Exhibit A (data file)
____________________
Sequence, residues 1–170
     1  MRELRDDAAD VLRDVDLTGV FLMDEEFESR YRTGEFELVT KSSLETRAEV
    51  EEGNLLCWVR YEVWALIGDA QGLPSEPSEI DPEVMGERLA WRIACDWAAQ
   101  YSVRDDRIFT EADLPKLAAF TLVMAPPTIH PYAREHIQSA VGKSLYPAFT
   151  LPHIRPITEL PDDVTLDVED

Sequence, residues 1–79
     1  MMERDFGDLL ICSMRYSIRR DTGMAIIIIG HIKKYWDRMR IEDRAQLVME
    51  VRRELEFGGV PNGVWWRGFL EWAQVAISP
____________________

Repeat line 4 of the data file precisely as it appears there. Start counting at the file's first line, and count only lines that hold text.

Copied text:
   101  YSVRDDRIFT EADLPKLAAF TLVMAPPTIH PYAREHIQSA VGKSLYPAFT